A while back (September 2014) I ran a very short 5-minute survey targeted at UX professionals to elicit thoughts on the links between their work and that of academic HCI research.

The survey was framed in the following way: "This survey is part of a research project exploring in what ways academic human-computer interaction (HCI) research can be made relevant to UX / IxD professionals. The goal of the research is to develop bridges between HCI research and UX / IxD practice."

The complete list of questions is also available.

The following sections first present textual responses to the survey, drawn from a handful of questions where it was possible either to elaborate or perhaps disagree with the survey itself. The second section presents numerical data gathered from the rest of the questions posed in the survey. For the moment I have left all this pretty much unanalysed. You can draw your own conclusions, and I would like to hear more about them.

Topics raised in the survey

Textual responses in the survey were generated as a result of the following questions (more details here):

In the selected quotations I present here, I have included some context—where possible—about the self-reported role of the respondent (in square brackets after the quotation). Quotations have also been edited for brevity and basic typos / spelling errors have been corrected. I have included my own comments on the responses where relevant, but put these in italics to ensure clarity between respondent comments and my own thoughts.

On the survey itself

The survey was set up in ways that introduced a distinction between UX and HCI, and between academia and industry. There were no respondents who indicated a negative view of this purported gap (which obviously could be affected by the population attracted to responding to the survey), and indeed even the wording of survey itself did the job of eliciting recognition of this gap. For instance, as one person stated: "As a practitioner, I can tell the survey was made by an academic" [UX consultant]. There were also questions about using a survey as a method of discovery for this research: "I don't see how this survey addresses the question you're attempting to answer" [UX professional].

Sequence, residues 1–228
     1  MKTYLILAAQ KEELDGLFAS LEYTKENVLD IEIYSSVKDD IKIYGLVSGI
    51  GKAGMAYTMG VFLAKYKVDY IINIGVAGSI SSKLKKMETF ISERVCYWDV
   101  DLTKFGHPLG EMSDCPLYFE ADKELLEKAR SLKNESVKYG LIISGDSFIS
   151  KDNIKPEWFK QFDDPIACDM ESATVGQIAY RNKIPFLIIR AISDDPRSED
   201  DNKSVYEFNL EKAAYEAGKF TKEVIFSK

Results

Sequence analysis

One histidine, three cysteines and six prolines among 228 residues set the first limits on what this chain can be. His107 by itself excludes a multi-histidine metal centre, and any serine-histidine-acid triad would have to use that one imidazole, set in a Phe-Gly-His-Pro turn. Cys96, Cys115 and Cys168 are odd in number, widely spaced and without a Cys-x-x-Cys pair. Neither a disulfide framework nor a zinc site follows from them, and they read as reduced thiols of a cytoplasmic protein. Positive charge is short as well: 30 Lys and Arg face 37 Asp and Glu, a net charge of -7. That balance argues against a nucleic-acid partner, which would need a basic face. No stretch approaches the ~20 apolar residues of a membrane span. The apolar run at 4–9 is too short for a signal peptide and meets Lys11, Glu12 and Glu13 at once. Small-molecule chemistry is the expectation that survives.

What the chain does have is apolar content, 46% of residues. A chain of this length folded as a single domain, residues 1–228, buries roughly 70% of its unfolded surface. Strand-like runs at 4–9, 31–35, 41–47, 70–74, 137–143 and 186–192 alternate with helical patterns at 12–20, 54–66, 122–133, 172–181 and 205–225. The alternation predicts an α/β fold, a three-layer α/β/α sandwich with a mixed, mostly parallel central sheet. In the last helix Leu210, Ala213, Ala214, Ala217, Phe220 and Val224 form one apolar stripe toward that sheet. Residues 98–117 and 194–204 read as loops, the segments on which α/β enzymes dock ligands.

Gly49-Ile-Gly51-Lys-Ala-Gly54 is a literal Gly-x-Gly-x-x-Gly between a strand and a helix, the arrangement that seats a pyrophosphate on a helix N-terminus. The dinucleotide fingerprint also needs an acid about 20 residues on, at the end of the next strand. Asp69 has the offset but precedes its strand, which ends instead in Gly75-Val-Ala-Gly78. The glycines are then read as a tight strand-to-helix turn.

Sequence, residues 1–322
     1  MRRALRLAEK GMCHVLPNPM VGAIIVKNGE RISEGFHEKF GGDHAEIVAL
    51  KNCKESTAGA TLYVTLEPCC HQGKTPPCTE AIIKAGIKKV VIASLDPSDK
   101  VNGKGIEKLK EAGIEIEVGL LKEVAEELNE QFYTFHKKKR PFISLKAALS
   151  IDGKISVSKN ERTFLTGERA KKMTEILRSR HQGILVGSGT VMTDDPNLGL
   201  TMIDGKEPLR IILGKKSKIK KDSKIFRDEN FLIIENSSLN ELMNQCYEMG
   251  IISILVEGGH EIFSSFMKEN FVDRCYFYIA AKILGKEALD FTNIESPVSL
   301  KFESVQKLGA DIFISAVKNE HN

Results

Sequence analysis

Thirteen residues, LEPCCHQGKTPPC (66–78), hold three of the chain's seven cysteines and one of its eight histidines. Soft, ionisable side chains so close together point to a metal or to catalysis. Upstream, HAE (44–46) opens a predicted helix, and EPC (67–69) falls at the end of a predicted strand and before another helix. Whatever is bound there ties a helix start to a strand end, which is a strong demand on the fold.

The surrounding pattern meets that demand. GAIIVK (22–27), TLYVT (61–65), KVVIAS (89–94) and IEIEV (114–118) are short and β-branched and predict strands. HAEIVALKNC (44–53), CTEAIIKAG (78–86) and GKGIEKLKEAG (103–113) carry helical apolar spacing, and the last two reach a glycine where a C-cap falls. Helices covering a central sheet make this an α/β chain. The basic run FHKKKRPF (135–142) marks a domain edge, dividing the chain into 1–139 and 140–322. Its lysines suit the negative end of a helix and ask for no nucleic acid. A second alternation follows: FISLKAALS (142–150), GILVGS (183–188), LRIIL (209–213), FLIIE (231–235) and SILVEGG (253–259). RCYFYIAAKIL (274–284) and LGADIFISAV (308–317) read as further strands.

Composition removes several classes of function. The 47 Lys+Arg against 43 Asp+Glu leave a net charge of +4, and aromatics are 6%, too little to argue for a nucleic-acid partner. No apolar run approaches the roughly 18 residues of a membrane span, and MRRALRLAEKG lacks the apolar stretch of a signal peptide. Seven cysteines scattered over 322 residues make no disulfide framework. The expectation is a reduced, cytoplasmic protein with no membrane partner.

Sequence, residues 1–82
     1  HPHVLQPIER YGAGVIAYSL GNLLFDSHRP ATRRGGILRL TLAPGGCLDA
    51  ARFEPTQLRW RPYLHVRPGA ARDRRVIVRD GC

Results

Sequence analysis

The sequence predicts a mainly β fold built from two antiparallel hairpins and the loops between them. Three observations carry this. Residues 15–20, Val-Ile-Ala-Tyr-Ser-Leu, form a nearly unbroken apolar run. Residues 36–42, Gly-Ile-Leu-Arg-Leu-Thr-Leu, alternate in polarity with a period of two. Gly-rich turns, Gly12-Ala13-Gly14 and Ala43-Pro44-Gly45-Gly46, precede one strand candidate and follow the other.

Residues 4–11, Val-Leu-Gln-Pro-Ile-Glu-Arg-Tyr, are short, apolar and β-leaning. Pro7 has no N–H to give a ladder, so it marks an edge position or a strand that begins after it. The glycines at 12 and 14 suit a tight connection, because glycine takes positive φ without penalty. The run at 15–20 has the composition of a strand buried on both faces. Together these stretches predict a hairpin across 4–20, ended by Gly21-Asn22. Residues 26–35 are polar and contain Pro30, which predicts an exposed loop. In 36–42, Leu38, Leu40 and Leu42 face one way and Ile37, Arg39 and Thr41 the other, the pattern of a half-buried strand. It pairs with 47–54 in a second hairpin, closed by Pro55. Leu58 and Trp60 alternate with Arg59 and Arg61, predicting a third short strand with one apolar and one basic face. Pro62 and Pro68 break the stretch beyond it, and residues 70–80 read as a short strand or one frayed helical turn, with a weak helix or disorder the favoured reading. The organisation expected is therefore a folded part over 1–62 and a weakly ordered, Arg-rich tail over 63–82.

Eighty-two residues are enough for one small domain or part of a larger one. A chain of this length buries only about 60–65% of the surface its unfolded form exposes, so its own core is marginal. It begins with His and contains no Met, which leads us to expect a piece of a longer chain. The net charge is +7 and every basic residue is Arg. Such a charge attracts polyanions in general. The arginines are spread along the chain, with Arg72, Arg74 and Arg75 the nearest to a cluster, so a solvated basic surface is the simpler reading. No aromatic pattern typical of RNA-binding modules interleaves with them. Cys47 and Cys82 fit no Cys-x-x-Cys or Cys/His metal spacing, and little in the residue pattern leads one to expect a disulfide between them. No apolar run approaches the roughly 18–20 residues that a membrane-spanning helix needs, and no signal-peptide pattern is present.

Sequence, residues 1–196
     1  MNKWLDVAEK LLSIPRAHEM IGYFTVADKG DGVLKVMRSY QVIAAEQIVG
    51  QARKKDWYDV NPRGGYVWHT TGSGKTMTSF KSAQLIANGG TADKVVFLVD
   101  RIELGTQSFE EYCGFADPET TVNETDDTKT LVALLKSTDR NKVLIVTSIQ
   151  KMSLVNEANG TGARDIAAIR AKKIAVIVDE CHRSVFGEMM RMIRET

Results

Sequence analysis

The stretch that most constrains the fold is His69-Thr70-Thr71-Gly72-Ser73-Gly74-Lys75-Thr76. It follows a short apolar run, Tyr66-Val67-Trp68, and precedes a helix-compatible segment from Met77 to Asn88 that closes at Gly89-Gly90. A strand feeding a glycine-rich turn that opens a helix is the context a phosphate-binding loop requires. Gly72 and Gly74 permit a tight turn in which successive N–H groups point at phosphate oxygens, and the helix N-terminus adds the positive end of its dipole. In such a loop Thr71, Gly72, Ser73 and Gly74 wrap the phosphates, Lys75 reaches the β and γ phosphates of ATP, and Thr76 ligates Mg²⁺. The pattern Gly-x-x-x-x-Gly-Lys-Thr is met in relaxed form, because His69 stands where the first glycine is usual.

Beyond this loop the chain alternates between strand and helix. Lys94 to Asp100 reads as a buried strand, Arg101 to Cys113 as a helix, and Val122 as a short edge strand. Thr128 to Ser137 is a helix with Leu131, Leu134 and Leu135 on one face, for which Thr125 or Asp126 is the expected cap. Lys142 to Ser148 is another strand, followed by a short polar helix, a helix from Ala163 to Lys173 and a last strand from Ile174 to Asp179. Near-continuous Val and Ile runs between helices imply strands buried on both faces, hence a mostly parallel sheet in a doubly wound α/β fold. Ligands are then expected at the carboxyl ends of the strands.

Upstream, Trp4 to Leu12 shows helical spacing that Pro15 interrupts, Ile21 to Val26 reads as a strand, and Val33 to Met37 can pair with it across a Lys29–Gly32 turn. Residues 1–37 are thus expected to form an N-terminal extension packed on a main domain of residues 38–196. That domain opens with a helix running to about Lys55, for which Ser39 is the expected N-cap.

On the topic of the survey

The majority of responses focussed on the topic of the survey—i.e., unpicking the links between academic HCI and UX in industry. These comments were generally made in the "any comments about the survey" text box. They are presented here in no particular order, but many of them highlight some key issues: HCI as out of touch with UX, communication problems, and problems in the relative speed at which both proceed.

Linked to these comments were responses made to "I approach my work differently", which tended to focus on making points about the nature of UX practices and the way a discrete list of methods that was presented to respondents.

On roles and language

Various questions elicited responses that offered problematisations of the way roles and terminology was presented in the survey. Many of these help unpack problems experienced by UX-ers in defining their roles, and some of the challenges of language when communicating across disciplines.

On the topic of selecting design, research and evaluation as indicators of what respondents did in their work, a number of comments highlighted the problematics of such terms and (again) language issues that might exist in talking across HCI and UX.

On survey options

Survey options themselves caused problems. Here are some examples:

Numerical results

The self-reported makeup of the survey was as follows:

The following charts have been generated from the other (numerical) survey questions: